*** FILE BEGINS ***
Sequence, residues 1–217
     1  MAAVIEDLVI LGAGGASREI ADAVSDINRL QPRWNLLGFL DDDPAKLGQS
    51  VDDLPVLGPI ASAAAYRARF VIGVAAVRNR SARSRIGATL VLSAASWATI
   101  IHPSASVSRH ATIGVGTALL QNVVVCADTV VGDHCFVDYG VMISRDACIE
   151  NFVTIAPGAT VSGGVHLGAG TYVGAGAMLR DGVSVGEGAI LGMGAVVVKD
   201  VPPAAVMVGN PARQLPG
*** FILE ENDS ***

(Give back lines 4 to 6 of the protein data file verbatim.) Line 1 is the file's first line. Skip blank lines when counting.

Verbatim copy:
   101  IHPSASVSRH ATIGVGTALL QNVVVCADTV VGDHCFVDYG VMISRDACIE
   151  NFVTIAPGAT VSGGVHLGAG TYVGAGAMLR DGVSVGEGAI LGMGAVVVKD
   201  VPPAAVMVGN PARQLPG